Combustible Celluloid
 

Interview with Joe Pantoliano

I Remember Joe Pantoliano...

by Jeffrey M. Anderson

The first thing one learns about Joe Pantoliano is that most people simply give up and call him "Joe Pants." "Maybe I perpetuated it," Pantoliano says. "For example, I call your assistant and I say 'it's Joe Pantoliano,' and she says 'wait a secondŠ how do you spell that?' So I just say 'tell him Joe Pants.' It makes it easier. And 'Pantaloni' means 'pants.' My grandparents came here as 'Pantalone.' They went to Ellis Island, and the Irish cop there misspelled the name. And being good citizens they were afraid they'd get in trouble if they corrected it."

Pantoliano has taken time out from his busy schedule as one of America's top character actors to speak to me about his new film Memento, which, in my eyes, is a new American classic. Most folks may recognize Pantoliano as Guido the Killer Pimp from Risky Business (1983), or from his current role as Ralph Cifaretto on "The Sopranos." He's also appeared in The Goonies (1985), La Bamba (1987), Steven Spielberg's Empire of the Sun (1987), The Fugitive (1993), and the Wachowski Brothers' Bound (1996) and The Matrix (1999).

Memento tells the story of a man with no short-term memory who is on the trail of his wife's killer. In order to function, he must take Polaroids of everyone he meets and tattoo vital information on his body. On top of this, Director Christopher Nolan tells the story backwards, beginning with the movie's final shot, and going forward to the beginning. When each scene begins, we don't know how we got there, just as our main character doesn't know. Shelby also talks tirelessly about another man with the same condition, Sammy Jankis, and tries to learn from his mistakes. Pantoliano elaborates, "what I love about Chris' movie is that he uses black and white for Leonard's memory when he's talking about Sammy Jankis. Black and white is really gray. And the story is gray and his memory is gray."

Memento has even more odd angles to it than appear on screen, Pantoliano says. "I discovered this metaphor today. The cool thing is that [Matrix co-star] Carrie-Anne Moss told Chris that I should meet him. So I met Chris in King's Road Coffee shop in L.A. But Chris says he's not going to go with me because of the types of roles I played in the past. My agent tells him that's exactly why he has to hire me."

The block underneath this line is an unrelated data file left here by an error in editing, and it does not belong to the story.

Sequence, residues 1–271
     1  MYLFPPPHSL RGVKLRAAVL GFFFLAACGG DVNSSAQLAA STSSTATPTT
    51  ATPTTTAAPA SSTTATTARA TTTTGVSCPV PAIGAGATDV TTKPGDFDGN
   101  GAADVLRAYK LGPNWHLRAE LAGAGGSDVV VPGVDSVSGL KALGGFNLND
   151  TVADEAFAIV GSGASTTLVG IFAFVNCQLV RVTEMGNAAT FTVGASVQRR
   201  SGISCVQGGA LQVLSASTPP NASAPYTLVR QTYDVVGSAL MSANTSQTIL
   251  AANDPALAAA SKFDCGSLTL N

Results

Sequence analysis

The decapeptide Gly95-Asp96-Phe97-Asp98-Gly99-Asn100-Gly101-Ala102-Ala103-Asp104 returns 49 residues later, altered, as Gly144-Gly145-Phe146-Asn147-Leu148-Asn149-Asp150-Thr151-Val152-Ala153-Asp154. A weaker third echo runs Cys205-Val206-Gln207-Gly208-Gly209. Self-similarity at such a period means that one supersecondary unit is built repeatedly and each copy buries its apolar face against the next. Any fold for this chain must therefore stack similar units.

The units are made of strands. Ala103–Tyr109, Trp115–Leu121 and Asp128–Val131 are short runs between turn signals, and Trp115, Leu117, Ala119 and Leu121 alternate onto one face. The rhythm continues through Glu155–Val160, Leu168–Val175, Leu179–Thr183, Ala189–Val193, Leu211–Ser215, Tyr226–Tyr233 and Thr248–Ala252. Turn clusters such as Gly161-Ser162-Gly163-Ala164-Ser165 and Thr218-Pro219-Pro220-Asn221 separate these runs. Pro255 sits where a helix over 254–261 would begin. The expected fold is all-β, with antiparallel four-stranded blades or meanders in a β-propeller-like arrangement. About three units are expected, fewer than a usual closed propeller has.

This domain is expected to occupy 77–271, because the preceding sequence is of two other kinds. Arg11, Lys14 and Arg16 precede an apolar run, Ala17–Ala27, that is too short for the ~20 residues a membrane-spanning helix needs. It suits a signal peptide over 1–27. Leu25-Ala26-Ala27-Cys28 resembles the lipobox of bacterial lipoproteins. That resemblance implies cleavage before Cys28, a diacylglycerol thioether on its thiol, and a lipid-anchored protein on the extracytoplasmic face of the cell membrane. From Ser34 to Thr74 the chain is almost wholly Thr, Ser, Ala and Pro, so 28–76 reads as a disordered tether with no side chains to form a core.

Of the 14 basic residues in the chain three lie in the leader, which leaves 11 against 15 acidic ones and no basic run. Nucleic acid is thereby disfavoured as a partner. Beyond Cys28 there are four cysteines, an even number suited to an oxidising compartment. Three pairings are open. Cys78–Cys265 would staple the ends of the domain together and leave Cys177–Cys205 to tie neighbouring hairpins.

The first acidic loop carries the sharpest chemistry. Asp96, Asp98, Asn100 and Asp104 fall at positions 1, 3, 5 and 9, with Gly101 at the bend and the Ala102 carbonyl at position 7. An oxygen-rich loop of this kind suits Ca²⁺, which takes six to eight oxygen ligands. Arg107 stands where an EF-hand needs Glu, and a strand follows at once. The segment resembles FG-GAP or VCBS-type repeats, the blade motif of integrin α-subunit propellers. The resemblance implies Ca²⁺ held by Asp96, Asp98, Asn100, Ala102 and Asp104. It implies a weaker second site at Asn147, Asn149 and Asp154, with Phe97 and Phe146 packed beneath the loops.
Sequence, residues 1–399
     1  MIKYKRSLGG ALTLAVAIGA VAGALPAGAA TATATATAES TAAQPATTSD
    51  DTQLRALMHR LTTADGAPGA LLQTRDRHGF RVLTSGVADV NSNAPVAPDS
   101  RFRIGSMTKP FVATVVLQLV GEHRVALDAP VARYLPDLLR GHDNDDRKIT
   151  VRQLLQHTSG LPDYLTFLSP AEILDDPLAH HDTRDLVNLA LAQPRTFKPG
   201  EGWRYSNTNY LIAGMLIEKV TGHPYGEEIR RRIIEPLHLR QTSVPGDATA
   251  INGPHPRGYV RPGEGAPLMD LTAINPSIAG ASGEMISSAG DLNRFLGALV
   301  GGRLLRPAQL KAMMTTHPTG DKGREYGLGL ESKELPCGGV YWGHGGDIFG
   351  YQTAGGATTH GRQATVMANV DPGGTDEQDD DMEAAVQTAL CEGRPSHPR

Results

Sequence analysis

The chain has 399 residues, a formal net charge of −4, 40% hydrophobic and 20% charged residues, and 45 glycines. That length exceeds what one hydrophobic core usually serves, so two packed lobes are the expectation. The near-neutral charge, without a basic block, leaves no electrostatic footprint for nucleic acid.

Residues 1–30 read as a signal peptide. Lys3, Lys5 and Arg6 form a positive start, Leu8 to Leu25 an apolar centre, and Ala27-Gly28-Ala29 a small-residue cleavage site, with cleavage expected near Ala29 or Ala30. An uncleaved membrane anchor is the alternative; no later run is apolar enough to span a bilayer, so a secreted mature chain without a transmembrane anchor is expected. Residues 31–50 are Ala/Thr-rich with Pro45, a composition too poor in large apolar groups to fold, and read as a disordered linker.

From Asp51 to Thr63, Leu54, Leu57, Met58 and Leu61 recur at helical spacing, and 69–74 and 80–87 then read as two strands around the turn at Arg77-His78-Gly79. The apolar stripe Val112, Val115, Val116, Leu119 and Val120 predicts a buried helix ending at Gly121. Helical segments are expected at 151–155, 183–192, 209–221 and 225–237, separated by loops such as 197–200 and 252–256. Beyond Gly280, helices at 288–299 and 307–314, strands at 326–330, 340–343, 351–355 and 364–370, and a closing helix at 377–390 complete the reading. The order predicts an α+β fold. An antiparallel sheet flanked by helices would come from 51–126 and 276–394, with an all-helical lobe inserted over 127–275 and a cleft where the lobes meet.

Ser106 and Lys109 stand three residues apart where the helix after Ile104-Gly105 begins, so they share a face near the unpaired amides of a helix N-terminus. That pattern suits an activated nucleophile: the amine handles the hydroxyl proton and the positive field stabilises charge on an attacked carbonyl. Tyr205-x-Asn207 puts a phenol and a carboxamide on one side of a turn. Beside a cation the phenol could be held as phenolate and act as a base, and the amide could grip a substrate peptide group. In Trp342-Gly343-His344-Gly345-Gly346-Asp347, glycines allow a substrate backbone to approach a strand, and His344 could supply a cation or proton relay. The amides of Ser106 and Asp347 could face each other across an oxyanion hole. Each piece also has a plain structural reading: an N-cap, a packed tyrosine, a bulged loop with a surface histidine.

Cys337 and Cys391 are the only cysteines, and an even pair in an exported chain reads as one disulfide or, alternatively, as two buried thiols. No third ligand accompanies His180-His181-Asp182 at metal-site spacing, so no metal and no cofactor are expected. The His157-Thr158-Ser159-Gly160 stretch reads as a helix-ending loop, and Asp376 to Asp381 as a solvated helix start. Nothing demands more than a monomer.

"SoŠ. when people get out of this movie, where are they gonna go? They're going to go to a coffee shop and talk about the movie. Anyway, by the time we get around to making the movie, the agent quits the business and is now in the coffee business. It kind of hit me with all these Starbucks and Peet's coffees around. It's a place where people go to think about stuff."

Pantoliano prides himself on working with quite a few first-timers, including Larry and Andy Wachowski. Memento is the second film by Nolan, an English-born citizen with half-American blood. Pantoliano was unable to see Nolan's first film, Following, due to a lousy videotape. But even so, Pantoliano had a feeling.

"I just felt like this guy was special, like I felt when I worked with the Wachowski brothers. I knew it was a great script. When I read Bound, I knew it was a great script. Those guys were untried. I've worked with a lot of those guys. You have to take a leap of faith to see if these guys have what it takes to be a hyphen, a writer-director. [Chris] liked me enough to hire me. Immediately I knew that this guy's got the goods."

Pantoliano's hunch was right. He says working with Nolan was a pleasure. "He allowed us to help him. There are a lot of directors who don't let you help them. Chris is American/British. As it was written, the way [my character] Teddy spoke was kinda standard American. It was good [proper] English. Cops don't talk like that." Pantoliano used his own speech rhythms to enhance the character, including some improvisation. When the memory-challenged lead character, Leonard Shelby (Guy Pearce) takes a Polaroid of Teddy, Teddy quips "nice shot, Leibovitz."

"Apparently Chris says I said that line in another movie," Pantoliano laughs. "I don't remember."

March 27, 2001

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